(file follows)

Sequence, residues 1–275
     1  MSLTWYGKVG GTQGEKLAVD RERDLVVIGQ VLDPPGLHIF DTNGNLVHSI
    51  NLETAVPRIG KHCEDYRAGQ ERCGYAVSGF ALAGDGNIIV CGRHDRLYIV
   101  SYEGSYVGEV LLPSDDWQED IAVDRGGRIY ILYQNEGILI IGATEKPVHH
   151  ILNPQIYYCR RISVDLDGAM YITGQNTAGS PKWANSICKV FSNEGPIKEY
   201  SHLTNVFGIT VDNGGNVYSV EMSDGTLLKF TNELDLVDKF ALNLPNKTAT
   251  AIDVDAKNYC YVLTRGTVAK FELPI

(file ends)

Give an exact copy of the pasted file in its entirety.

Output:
Sequence, residues 1–275
     1  MSLTWYGKVG GTQGEKLAVD RERDLVVIGQ VLDPPGLHIF DTNGNLVHSI
    51  NLETAVPRIG KHCEDYRAGQ ERCGYAVSGF ALAGDGNIIV CGRHDRLYIV
   101  SYEGSYVGEV LLPSDDWQED IAVDRGGRIY ILYQNEGILI IGATEKPVHH
   151  ILNPQIYYCR RISVDLDGAM YITGQNTAGS PKWANSICKV FSNEGPIKEY
   201  SHLTNVFGIT VDNGGNVYSV EMSDGTLLKF TNELDLVDKF ALNLPNKTAT
   251  AIDVDAKNYC YVLTRGTVAK FELPI